Throughout my career as a Navy SEAL Senior Chief, I learned a thing or two about leadership in some of the most challenging environments imaginable. For many leaders, the expectation to be perfect, to always know the right course of action, is immense. But if there’s one invaluable lesson I’ve carried with me into retirement, it’s the importance of giving myself grace when things don’t pan out the way I think they should. The realization that I, like anyone else, don’t have all the answers was both humbling and liberating.
Why Giving Myself Grace Mattered
Learning and Growth: Admitting I didn’t know everything opened doors to learning I might have otherwise ignored. It encouraged me to listen more, ask more questions, and embrace the perspectives of those around me. This mindset didn’t just apply in the field; it’s something that has enriched my life in countless ways.
Resilience: In the teams, resilience isn’t just a trait; it’s a necessity. Learning to see setbacks as opportunities for growth rather than personal failures was crucial. This perspective helped me navigate not just missions, but life’s challenges with a clearer head and a steadier heart.
Authentic Leadership: The most respected leaders I’ve known were those who could admit their vulnerabilities. Showing my team that I was human, that I too had doubts and made mistakes, fostered a level of trust and cohesion that no amount of feigned confidence could ever achieve.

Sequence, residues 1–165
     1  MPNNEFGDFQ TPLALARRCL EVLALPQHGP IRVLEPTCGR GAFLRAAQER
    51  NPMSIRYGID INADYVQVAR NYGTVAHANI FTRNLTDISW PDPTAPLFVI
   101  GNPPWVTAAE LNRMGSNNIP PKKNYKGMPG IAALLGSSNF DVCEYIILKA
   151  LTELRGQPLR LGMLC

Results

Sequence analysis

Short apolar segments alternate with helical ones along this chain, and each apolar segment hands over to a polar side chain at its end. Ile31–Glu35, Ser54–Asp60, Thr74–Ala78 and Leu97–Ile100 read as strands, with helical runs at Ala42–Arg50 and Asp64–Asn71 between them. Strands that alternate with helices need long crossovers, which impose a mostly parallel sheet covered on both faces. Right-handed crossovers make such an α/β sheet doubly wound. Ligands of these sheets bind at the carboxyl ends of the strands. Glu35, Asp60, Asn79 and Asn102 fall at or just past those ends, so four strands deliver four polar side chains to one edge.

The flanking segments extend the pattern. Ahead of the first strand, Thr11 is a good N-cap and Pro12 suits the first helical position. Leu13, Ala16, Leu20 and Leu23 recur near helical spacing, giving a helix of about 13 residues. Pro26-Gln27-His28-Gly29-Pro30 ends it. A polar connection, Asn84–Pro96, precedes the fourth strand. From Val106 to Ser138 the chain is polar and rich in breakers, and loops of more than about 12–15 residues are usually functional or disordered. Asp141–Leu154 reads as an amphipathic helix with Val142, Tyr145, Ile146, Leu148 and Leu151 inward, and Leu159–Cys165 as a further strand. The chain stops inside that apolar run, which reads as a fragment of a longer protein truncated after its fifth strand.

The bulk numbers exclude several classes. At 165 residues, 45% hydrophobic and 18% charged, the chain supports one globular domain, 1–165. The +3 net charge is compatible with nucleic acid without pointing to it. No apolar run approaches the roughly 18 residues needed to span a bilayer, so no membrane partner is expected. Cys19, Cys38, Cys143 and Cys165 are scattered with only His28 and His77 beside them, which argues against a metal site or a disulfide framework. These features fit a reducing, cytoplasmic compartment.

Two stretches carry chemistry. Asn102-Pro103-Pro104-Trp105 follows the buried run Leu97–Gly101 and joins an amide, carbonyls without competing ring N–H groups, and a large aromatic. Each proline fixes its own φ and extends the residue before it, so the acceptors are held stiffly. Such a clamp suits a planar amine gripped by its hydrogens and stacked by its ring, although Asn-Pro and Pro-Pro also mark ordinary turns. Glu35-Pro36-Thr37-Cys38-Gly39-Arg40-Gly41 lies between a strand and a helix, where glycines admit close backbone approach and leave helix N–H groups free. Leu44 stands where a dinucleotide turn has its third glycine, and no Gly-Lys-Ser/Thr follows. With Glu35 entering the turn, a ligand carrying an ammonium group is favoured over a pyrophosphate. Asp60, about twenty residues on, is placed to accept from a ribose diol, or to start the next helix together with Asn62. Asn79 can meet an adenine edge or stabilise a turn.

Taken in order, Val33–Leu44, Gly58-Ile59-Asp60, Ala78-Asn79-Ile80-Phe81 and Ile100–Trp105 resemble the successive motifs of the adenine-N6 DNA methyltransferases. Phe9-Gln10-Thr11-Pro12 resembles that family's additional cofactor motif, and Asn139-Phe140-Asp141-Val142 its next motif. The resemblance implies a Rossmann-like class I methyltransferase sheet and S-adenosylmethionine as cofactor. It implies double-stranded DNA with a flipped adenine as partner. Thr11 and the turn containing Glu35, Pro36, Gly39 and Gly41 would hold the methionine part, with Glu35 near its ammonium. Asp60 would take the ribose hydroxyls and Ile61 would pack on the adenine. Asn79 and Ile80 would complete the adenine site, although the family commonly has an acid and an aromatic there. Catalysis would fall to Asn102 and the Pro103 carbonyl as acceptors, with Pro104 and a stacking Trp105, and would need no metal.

Practices That Helped Me Give Myself Grace
Setting Realistic Expectations: The gap between what I wanted to achieve and what was realistically possible could sometimes be wide. Learning to recognize the difference between striving for excellence and chasing the impossible helped me maintain my sanity and focus on what truly mattered. It taught me to celebrate the small victories and acknowledge the effort, not just the outcome.
Embracing and Learning from Failures: Every mission, every training exercise that didn’t go as planned was a lesson in disguise. I learned to dissect these experiences, to understand what went wrong and why, and to take those lessons forward. This practice developed not just my skills but my character, turning potential stumbling blocks into stepping stones.
Cultivating a Supportive Network: The notion of the lone warrior is a myth. The truth is, we all need a support network. Throughout my career, and even more so in retirement, I’ve leaned on peers, mentors, and family for advice, perspective, and reassurance. These relationships have been my anchor, reminding me that leadership is as much about being a good teammate as it is about leading the charge.
Giving yourself grace is not a sign of weakness; it’s an acknowledgment of your humanity and a necessary practice for anyone in a leadership role, whether on the battlefield or in everyday life. It’s about understanding that perfection is an impossible standard, and that making mistakes, asking for help, and not knowing all the answers are part of the human experience. These lessons, hard-earned over years of service, have not only made me a better leader but a better person.